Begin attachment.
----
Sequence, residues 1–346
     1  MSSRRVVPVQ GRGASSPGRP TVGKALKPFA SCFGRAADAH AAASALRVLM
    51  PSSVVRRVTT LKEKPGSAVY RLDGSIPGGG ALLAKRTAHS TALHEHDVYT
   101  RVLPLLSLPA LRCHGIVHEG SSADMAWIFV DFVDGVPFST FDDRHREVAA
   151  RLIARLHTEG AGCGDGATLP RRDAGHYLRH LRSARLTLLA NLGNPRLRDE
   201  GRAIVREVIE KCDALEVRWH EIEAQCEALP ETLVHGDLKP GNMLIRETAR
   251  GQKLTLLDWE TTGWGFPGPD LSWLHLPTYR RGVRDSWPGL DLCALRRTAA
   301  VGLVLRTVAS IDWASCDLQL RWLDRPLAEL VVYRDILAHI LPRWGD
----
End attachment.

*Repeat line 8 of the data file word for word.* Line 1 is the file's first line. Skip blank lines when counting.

   301  VGLVLRTVAS IDWASCDLQL RWLDRPLAEL VVYRDILAHI LPRWGD